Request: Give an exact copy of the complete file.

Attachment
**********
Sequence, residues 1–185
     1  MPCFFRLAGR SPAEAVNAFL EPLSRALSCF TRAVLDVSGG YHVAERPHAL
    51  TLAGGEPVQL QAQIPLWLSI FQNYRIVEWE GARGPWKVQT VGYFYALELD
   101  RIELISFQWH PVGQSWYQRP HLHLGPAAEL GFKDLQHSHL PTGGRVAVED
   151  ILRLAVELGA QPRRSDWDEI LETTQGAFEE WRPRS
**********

Sequence, residues 1–185
     1  MPCFFRLAGR SPAEAVNAFL EPLSRALSCF TRAVLDVSGG YHVAERPHAL
    51  TLAGGEPVQL QAQIPLWLSI FQNYRIVEWE GARGPWKVQT VGYFYALELD
   101  RIELISFQWH PVGQSWYQRP HLHLGPAAEL GFKDLQHSHL PTGGRVAVED
   151  ILRLAVELGA QPRRSDWDEI LETTQGAFEE WRPRS